The Best and Most Affordable Way to Grow Microgreens
What are microgreens? 

Microgreens are extremely young plants that are harvested shortly after poking through the soil. I am not someone who jumps onto bandwagons easily, however these are just too great not to climb on board! If done correctly, microgreens are cheap, easy, and delicious. They are a great potential fresh vegetable source for areas with a short growing season. We’ll get right to it, here is the way Future Harvest recommends you grow microgreens. 

 

The Future Harvest Microgreen Method: In 10 easy steps!

 

Necessary tools: 

  • Two 1020 trays (one with holes and one without)
  • Biodegradable paper towels 
  • Peat or Coco based growing medium (it should have some perlite and vermiculite in the mix)
  • Future Harvest Holland Secret 3-Part Fertilizer

 

https://futureharvest.com/search?q=Holland+Secret&type=product

 

Steps:

  1. Start out with the two 1020 trays (these are the trays bedding plants typically come in). Set the one without holes aside, as you'll only be working with the one with holes for now.
  2. Take your paper towels and cut a piece to fit onto the bottom of the tray. Place it into the tray and dampen with water.
  3. Dampen your growing medium 
  4. Fill the tray about 2.5 to 3cm (about an inch) deep with growing medium
  5. Sprinkle seeds onto the medium. They should be applied very generously with most almost touching one another depending on the size of the seeds. Getting a feel for the ideal rate will take some practice so don’t worry if it’s not perfect the first time. 
  6. Sprinkle a second layer of growing medium over the seeds, just covering them (about ½ cm or 1/10 inch)
  7. Put the finished tray into the second tray (the one without holes)
  8. Mix up your Holland Secret 3-Part Fertilizer. Use at a rate of 1.5 mL of each the Grow, Micro, and Bloom in 4 liters of water. Ideally the pH should be adjusted to 5.8 - 6.2
  9. Add 2 cups of nutrient solution to the bottom tray and let the moisture soak into the growing medium. (For best results put the trays under a humidity dome and the finished tray under compact fluorescent lights). 
  10. Monitor moisture levels and add more nutrient solution as needed

That’s it! Your plants should be ready to harvest in 7-10 days after seeding. It’s best to compost your used growing medium as it will be completely full of roots and difficult to use for another round of microgreens. 

 

 

Note: Most plants could be grown without fertilizer, however, they will grow very slowly as roughly twice the time will be needed. Additionally, the plants grown with fertilizer will have a higher mineral content (Potassium, Phosphorus, Calcium, Magnesium, and Iron). 

Note: We recommend being careful with using organic fertilizers as they can use animal waste which can potentially contaminate the microgreens with pathogens like Salmonella or E. coli.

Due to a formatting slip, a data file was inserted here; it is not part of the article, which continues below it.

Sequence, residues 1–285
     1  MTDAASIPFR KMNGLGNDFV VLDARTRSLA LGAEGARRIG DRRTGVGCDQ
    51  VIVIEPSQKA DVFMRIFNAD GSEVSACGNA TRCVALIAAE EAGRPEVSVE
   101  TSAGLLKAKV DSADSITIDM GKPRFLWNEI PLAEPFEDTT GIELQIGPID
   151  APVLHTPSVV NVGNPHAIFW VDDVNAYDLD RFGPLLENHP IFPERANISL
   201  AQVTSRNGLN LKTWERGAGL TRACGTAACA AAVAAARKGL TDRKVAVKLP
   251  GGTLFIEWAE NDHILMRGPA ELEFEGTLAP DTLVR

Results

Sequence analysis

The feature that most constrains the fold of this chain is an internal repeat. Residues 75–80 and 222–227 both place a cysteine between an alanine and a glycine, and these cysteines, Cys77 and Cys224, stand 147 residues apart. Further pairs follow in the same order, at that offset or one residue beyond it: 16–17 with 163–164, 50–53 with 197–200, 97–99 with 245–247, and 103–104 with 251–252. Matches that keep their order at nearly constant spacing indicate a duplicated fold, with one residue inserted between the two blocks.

Where Can I Find Seeds?

Buying Cheap Seeds

There are a lot of good reputable seed companies online who will be able to provide high germination rates and many different varieties, however it is possible to save a lot of money on a few core types of seeds.  Bulk food stores sell a number of seeds which could be used such as wheat (wheat grass) or sunflowers, and spices like dill, mustard, cumin, or coriander (cilantro) are also good options for fresh herbs.  We recommend only purchasing a small amount the first time as they are not guaranteed to germinate. If you have success with them, you can go back and buy a larger amount. Don't be afraid to experiment with what's available as these are only a few suggestions. 
 

                                                                                                                      

 

Good luck! And remember you can always reach out to @futureharvestdevelopments on instagram if you have any questions or need advice.

    Published by Loren Price

    Bio:
    Loren, the Director of Fertilizer Technology at Future Harvest, grew up on a mixed grain and cattle farm in North West Saskatchewan. He went on to study biotechnology and worked in agrosciences in Saskatoon for several years before moving on to Future Harvest and the hydroponic plant food industry. Starting off in fertilizer production, his focus is now on fertilizer formulations and regulatory affairs. His areas of expertise include: agronomy, analytical chemistry, plant tissue culture, plant breeding, molecular biology, and plant nutrition. Outside of work, Loren collects vintage concert T-shirts and is an amateur craft brewer specializing in historical and lesser known styles of beer.

    E-Mail: loren@futureharvest.com

  • Feb 10, 2020
  • Category: Articles
  • Comments: 0
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